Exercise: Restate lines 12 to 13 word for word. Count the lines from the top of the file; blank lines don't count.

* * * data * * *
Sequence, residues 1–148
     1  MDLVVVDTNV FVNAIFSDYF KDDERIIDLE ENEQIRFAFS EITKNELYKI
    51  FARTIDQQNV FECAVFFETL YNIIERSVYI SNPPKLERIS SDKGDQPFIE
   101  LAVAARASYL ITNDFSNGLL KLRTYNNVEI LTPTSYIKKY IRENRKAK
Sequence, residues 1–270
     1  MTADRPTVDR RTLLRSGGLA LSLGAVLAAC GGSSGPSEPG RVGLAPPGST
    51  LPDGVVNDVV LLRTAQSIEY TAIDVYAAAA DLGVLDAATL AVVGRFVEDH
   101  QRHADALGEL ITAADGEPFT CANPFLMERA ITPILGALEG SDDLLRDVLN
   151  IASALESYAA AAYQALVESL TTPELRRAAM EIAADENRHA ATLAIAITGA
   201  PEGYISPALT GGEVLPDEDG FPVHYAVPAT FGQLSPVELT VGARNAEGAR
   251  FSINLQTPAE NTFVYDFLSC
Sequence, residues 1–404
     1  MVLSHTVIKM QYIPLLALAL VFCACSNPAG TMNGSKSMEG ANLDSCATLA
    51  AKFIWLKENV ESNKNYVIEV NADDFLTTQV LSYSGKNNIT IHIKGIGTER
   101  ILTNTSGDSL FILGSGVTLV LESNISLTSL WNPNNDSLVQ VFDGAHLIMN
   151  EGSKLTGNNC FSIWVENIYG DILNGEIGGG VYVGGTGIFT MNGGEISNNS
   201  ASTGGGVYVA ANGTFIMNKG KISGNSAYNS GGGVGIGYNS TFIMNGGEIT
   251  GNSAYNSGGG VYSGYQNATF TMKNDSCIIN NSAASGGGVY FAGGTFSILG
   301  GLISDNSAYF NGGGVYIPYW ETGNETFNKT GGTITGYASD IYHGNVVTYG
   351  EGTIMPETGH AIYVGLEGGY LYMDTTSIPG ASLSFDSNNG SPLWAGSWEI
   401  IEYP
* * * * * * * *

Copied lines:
Sequence, residues 1–404
     1  MVLSHTVIKM QYIPLLALAL VFCACSNPAG TMNGSKSMEG ANLDSCATLA